After signing with the Jacksonville Jaguars as an undrafted free agent out of the 2015 NFL draft, Reed was placed on the team’s practice squad and wasn’t activated until September, 2016. Over the past three seasons, Reed has been active for 25 games and started 8 of them.

You can’t expect too much from this signing, as Reed is simply expected to compete for depth on the offensive line and it’s possible he doesn’t even make the team out of training camp. Then again, Ted Larsen was originally supposed to be offensive line depth and he ended up playing 1,272 snaps over the course of his two-year Dolphins career.

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Miami Dolphins

Rebuilding Previous Rebuilds

Jason Hrina

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Image Credit: Steve Mitchell-USA TODAY Sports

Now that we have accepted the notion that the Miami Dolphins are going to start rebuilding their franchise in 2019 (and as a result, a lot of losing will incur), we have moved on to the optimistic hope that this team is going to build their foundation “right”.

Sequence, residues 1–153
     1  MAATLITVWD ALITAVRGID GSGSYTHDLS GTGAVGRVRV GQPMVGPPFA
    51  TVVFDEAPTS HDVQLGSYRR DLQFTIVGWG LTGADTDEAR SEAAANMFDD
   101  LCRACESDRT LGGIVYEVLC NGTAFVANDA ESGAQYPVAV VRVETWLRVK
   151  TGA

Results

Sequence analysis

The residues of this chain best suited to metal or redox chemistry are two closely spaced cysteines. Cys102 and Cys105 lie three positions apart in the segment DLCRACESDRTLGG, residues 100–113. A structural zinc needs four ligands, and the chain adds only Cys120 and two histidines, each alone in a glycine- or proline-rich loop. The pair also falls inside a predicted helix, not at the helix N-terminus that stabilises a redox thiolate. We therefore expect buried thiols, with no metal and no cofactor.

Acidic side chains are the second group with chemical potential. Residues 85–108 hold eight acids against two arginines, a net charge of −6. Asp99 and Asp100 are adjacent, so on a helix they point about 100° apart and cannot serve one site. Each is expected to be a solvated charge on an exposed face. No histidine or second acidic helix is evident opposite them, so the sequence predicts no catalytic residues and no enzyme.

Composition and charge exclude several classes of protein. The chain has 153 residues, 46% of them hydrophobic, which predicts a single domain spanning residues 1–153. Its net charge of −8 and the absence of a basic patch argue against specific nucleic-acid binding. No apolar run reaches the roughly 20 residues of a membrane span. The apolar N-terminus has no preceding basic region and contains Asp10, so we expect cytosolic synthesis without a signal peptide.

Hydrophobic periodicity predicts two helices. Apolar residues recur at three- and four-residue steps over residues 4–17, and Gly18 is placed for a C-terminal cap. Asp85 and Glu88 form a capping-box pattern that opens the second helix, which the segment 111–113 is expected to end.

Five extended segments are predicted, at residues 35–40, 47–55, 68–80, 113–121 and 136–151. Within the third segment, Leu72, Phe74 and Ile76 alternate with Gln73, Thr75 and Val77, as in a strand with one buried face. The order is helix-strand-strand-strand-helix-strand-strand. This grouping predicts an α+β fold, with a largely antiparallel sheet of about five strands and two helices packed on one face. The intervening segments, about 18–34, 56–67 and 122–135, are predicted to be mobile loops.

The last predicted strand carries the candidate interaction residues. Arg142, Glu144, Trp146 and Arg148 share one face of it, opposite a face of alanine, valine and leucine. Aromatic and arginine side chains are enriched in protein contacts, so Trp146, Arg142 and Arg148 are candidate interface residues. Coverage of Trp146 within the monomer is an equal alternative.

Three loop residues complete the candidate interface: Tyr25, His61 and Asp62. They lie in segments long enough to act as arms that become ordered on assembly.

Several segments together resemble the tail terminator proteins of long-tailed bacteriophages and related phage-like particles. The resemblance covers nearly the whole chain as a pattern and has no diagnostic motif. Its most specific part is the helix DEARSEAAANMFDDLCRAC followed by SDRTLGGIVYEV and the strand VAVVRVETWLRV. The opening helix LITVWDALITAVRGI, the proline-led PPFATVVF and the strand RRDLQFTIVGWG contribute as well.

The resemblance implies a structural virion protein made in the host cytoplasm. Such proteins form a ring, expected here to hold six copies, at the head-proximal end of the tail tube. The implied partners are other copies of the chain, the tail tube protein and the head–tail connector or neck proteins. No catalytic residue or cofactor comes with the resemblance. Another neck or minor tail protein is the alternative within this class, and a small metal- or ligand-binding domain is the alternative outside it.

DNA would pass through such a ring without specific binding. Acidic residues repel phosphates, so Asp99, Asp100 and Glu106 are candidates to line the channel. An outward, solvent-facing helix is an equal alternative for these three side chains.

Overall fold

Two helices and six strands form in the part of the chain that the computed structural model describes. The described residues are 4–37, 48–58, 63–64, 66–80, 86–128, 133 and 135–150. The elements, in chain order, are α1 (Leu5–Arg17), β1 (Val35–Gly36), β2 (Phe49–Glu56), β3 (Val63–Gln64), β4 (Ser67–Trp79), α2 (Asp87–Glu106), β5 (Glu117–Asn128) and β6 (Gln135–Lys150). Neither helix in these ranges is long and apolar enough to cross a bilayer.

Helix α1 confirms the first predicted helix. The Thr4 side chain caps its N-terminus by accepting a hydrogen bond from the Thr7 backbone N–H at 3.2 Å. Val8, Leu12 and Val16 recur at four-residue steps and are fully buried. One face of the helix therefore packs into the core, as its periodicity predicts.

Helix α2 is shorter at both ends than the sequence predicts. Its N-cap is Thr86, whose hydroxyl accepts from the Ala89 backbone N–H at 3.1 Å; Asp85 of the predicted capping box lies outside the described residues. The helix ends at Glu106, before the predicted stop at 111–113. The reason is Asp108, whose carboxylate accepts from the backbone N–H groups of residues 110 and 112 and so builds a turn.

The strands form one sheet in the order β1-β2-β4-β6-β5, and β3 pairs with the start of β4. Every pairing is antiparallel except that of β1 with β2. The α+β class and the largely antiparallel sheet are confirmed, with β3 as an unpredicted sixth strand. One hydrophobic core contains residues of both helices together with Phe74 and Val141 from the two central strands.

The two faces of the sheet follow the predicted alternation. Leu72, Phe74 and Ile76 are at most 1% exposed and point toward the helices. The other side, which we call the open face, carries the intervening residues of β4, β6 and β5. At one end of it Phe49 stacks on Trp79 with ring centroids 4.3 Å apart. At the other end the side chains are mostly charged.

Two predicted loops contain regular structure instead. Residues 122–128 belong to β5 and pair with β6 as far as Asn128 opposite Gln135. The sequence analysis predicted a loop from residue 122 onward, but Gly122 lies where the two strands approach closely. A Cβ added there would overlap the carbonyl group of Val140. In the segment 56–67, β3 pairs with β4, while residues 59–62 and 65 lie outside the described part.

Hope is about the only thing that will temper the frustration that comes with going 6-10 with freshly signed Ryan Fitzpatrick as our starting quarterback, so over the next calendar year, you’re going to hear how most decisions are geared towards 2020.

Sure, Fitzpatrick will dazzle us with a couple 400-yard passing games and a few offensive performances that trick us into believing that we don’t need to desperately grab a franchise quarterback, but don’t let those extremely inconsistent anomalies fool you. Miami most definitely needs a franchise quarterback – one that leaves us with minimal doubts at the top of the draft.